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Johnny Weir to respect Russia's anti-gay propaganda law while doing TV at Olympics

'You don’t have to agree with the politics, but you have to respect the culture of a country you are visiting'

Johnny Weir to respect Russia's anti-gay propaganda law while doing TV at Olympics

Openly gay Johnny Weir is heading to the 2014 Olympics in Sochi as a commentator for NBC and doesn’t plan to ruffle any feathers when it comes to Russia’s anti-gay propaganda law.

The former Olympic skater, who announced his retirement from his sport earlier this week, says he will be focused on skating, not politics.

‘I risk jail time just going there, but the Olympics are not the place to make a political statement,’ Weir tells The New York Times. ‘I’m not a politician and I don’t really talk about politics. You don’t have to agree with the politics, but you have to respect the culture of a country you are visiting.’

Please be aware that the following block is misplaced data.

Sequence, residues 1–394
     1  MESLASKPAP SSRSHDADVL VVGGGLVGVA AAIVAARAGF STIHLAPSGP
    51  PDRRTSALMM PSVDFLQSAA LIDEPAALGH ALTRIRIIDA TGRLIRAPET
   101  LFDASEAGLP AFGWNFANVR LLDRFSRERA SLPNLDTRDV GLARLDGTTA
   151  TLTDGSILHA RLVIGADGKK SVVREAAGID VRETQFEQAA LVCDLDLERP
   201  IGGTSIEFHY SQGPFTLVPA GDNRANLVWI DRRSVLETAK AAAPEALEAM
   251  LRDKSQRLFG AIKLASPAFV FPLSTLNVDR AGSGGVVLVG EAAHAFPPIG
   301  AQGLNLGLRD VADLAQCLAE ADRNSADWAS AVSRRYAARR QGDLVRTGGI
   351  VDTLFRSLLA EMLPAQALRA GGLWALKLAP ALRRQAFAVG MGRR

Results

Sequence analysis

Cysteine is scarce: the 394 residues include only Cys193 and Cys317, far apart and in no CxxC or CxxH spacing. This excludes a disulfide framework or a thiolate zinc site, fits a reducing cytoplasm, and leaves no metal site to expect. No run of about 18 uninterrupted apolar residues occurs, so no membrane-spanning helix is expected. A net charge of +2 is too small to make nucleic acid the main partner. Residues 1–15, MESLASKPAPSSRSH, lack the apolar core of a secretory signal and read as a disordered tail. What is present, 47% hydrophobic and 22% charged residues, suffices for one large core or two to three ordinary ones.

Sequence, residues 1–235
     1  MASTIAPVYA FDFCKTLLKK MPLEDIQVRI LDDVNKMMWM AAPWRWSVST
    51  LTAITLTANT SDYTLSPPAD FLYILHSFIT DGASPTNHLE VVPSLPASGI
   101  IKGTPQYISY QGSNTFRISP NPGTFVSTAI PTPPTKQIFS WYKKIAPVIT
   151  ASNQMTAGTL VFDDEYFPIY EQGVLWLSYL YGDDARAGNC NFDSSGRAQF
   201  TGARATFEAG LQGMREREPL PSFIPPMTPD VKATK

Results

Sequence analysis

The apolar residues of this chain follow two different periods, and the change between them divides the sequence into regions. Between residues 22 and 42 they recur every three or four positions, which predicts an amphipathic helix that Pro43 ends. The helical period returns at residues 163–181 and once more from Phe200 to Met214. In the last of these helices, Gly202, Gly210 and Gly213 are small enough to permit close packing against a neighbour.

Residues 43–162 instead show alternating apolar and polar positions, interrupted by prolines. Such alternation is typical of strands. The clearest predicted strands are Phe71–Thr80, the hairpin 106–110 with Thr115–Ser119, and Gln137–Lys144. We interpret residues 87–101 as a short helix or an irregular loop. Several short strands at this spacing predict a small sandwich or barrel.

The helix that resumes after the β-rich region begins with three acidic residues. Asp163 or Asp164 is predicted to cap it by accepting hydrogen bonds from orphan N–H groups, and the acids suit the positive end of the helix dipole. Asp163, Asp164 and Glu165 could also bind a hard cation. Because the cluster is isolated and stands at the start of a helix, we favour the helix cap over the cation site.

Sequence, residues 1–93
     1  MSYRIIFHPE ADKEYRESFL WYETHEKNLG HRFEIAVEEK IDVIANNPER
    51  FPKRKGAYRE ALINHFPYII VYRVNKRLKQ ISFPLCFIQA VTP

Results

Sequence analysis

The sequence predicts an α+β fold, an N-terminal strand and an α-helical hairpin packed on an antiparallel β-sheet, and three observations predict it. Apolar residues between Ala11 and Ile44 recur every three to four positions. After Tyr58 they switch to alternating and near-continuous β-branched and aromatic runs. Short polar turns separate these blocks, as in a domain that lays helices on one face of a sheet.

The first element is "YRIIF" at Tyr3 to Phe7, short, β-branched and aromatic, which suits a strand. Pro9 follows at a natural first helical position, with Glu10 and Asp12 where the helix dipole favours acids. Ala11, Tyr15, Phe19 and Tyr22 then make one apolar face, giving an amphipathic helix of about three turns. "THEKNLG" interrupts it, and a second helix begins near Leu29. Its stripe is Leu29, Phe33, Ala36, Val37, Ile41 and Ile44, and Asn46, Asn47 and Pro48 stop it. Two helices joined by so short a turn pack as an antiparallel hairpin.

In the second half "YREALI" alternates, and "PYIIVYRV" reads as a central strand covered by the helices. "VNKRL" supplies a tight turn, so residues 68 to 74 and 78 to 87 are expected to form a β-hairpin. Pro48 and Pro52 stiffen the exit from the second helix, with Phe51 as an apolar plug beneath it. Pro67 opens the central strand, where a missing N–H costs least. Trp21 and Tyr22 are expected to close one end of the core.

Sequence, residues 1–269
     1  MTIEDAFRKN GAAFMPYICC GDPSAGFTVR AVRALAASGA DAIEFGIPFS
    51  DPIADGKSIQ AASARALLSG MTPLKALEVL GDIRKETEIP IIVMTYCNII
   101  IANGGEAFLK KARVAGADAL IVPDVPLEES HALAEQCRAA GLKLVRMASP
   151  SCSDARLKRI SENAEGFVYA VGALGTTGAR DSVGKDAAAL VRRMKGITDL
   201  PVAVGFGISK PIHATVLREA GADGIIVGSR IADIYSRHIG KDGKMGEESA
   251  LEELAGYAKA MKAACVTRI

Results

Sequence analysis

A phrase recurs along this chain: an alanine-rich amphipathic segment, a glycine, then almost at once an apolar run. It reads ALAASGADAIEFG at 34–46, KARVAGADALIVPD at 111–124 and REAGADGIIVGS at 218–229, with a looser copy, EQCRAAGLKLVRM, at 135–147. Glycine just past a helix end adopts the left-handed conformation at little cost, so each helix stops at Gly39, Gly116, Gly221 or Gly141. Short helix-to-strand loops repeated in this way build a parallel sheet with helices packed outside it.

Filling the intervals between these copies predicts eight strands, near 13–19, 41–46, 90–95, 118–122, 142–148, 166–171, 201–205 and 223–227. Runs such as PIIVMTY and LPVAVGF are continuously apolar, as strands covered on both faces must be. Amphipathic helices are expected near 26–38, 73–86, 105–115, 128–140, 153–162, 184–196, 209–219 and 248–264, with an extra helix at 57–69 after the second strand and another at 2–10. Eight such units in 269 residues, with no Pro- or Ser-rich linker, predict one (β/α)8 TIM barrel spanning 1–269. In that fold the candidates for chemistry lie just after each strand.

Weir, 29, believes he is doing his part just by being there as a commentator.

‘It’s pretty obvious that I’ve been gay my whole life,’ he says. ‘I don’t need to break any laws or wear a rainbow pin to show people that I support gay rights. I think I’ll do that just by being in Sochi and supporting our people there and know they are not alone.’

The three-time US champion is aware of the backlash building against him for not speaking out.

‘The gay community has not reacted well to me because some people think it’s my responsibility to be an activist,’ he says. ‘They’re expecting me to hate Russia because I haven’t been given equal rights in Russia.’

Weir also points to Elton John’s decision to perform concerts in Russia in December as a defense: If it’s good enough for Elton John, it’s good enough for me. Every country’s going to have its issues.’


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